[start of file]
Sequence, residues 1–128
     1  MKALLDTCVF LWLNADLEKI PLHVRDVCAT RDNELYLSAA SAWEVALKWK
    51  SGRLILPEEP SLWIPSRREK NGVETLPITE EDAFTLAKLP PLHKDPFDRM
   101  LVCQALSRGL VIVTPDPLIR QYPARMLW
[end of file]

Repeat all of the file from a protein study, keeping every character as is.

Sequence, residues 1–128
     1  MKALLDTCVF LWLNADLEKI PLHVRDVCAT RDNELYLSAA SAWEVALKWK
    51  SGRLILPEEP SLWIPSRREK NGVETLPITE EDAFTLAKLP PLHKDPFDRM
   101  LVCQALSRGL VIVTPDPLIR QYPARMLW